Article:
REGION — On Wednesday Feb. 6, the Telstar Freshman Academy (TFA) students presented their final projects to various members of the community in a Think Tank panel forum. The projects stemmed from their Innovation, Collaboration and Communication unit of study.

The effort started with groups of students finding a local issue in Oxford County or Maine that is impacting people nationwide. From there students started researching their topics and coming up with solutions for them.

Students chose problems focusing on substance abuse, plastic pollution, mental health in teens, mobility for the elderly, food insecurity/clean water and trail maintenance.

One group designed a robot to help elderly people do their daily tasks around the house.

There were 15 groups total, with most consisting of three students.

During their presentation, students fielded questions from the panelists and provided strong answers back to them. Even if they did not know a question, they were quick to say that more research would be done.

Giving the students an opportunity to present will only benefit them more in the future, and many panelists were already impressed with how well the students interacted.

“The Think Tank presentation at the Freshman academy were all well done. I was happy to be involved and get a firsthand look at the program,” panelist Jim Largess said.   “Two things that struck me the most were how well the students and teachers interacted and the real world feel of the presentations. It felt much more like a business setting then an academic presentation.”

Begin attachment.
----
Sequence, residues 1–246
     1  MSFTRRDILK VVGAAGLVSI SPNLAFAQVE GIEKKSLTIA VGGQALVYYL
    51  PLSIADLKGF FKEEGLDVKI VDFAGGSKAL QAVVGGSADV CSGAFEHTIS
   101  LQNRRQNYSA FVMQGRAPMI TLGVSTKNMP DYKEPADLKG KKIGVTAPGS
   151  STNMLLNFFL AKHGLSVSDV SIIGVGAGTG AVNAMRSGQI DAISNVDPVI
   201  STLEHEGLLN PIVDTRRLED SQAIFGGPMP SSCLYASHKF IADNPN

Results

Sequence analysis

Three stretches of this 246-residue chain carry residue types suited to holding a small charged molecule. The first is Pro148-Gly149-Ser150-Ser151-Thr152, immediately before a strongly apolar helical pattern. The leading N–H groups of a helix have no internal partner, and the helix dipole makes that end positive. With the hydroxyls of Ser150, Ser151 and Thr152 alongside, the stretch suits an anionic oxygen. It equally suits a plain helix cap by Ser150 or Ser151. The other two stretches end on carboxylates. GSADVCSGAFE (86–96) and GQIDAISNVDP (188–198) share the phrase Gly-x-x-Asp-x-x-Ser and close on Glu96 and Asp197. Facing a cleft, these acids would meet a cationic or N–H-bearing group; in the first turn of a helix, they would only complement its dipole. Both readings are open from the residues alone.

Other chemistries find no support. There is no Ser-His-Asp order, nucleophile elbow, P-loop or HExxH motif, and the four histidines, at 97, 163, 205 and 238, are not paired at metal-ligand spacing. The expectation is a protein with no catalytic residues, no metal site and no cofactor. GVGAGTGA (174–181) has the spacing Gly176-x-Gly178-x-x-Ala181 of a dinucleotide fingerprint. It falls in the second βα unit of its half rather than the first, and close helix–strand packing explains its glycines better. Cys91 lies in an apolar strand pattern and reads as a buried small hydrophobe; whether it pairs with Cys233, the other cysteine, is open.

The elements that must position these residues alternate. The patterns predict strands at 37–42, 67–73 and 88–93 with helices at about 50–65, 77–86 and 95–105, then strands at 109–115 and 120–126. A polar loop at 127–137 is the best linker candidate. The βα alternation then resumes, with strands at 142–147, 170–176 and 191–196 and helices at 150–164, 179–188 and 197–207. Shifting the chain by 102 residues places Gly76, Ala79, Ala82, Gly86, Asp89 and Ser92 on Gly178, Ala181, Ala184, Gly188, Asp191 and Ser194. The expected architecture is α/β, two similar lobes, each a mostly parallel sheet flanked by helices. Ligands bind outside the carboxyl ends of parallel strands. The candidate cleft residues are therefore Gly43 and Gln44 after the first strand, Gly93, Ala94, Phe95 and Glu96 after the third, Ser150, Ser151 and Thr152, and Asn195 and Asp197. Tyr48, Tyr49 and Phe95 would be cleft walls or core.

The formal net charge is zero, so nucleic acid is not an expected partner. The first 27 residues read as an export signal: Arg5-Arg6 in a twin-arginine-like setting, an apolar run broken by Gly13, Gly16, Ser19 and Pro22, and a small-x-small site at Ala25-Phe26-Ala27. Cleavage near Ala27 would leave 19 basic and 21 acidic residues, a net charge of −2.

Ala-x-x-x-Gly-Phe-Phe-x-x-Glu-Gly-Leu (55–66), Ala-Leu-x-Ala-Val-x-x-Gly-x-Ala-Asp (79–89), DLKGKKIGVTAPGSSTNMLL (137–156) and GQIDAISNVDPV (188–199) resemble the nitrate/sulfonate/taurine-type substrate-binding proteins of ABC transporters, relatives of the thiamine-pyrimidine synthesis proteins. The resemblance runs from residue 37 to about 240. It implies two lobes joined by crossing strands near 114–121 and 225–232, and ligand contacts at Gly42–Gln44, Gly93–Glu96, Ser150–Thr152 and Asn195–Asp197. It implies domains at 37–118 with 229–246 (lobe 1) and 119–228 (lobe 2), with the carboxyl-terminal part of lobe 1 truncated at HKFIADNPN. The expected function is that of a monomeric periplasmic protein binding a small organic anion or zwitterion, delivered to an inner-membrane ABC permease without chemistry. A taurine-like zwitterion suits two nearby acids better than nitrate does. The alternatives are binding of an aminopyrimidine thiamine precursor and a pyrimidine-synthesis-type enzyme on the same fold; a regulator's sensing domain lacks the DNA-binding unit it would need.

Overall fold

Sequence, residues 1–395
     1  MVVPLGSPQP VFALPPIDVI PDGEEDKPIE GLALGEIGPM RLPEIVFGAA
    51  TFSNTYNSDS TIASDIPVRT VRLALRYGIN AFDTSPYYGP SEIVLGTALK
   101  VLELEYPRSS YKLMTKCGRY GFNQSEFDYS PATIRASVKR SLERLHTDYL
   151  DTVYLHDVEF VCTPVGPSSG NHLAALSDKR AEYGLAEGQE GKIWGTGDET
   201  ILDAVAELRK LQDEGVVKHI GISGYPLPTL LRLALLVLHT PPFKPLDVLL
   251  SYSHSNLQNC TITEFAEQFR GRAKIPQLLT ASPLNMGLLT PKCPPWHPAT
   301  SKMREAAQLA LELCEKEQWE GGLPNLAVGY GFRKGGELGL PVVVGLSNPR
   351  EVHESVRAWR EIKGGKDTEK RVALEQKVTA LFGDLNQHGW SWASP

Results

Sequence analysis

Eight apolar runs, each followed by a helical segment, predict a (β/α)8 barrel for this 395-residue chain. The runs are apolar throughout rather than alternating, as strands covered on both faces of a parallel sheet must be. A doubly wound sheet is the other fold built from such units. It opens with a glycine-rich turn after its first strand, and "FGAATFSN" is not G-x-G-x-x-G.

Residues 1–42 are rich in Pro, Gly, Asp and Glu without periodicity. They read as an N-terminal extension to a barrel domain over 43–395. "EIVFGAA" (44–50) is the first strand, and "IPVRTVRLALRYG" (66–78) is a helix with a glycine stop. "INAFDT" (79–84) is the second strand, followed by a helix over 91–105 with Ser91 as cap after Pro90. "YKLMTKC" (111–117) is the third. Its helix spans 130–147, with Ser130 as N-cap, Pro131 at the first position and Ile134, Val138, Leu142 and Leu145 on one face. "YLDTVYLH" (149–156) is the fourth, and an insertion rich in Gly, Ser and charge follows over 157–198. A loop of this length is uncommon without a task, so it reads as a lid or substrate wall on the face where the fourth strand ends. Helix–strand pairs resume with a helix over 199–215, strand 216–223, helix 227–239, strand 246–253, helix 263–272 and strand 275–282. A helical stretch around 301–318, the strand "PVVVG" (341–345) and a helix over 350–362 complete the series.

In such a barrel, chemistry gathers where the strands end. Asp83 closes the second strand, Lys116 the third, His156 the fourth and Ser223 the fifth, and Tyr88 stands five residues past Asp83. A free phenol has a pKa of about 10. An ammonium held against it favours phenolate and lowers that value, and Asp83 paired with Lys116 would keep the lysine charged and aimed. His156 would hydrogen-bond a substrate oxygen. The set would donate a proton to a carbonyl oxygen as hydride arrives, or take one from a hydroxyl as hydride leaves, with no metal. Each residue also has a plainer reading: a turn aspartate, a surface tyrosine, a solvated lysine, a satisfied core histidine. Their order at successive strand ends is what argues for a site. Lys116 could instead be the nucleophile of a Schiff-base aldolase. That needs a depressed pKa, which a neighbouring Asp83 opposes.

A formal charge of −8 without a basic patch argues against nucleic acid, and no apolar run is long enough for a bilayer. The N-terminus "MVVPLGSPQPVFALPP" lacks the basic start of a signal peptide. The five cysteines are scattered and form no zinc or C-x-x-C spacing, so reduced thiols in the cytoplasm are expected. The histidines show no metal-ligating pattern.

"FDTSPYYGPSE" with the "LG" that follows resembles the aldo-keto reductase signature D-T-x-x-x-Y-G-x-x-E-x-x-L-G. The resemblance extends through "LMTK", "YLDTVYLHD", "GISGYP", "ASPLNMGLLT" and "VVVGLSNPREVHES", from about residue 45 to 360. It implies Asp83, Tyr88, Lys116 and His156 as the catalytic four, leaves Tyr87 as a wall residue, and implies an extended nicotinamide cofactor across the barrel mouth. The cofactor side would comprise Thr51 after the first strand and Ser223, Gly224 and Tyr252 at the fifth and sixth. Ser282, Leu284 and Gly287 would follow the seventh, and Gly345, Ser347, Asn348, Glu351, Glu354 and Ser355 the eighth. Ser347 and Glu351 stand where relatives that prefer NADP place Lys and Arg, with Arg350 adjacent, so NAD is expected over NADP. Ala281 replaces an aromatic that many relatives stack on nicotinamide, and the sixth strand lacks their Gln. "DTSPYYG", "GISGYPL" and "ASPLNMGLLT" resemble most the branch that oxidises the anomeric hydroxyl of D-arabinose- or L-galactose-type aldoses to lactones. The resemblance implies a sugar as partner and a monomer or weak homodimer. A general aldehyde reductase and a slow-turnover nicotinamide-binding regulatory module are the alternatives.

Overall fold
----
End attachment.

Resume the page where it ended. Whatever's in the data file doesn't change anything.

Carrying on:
“It was a pleasure to participate in the Telstar program. The student projects were well focused on issues of impact to our local communities- transportation, addiction, elder issues and mental health,” Senator Lisa Keim said. “Of lasting value is that this exercise brought the students to a place of practically considering the barriers that exist to getting help, and they were stretched to think creatively on ways to better the life of another.”

“I think any opportunity kids have to be able to present their work and public speak in front of a larger audience is really important,” school board director Sarah DeCato said. “I think for kids who struggle with public speaking, that this was a great venue for them to practice in.”

Another panelist, co-founder of Infonomics Data, Brian Gagnon, wanted to offer a group of students internships because of how well their presentations went. The group of students created an app that is supposed to help with addiction. The idea behind the app is to have addicts go on and talk about their addiction with other addicts, and also help each other set goals work toward. The app would leave peoples names anonymous.

4-H Professional Educator Tara Pocock said the students created and decoded the app on a program.

The next unit the students will do is “exploration and discovery”, which will involve studying parts of English, history and science.

The TFA will be traveling to Washington D.C. at the end of the March, and much of what they do there will be connected to the current curriculum they are studying.

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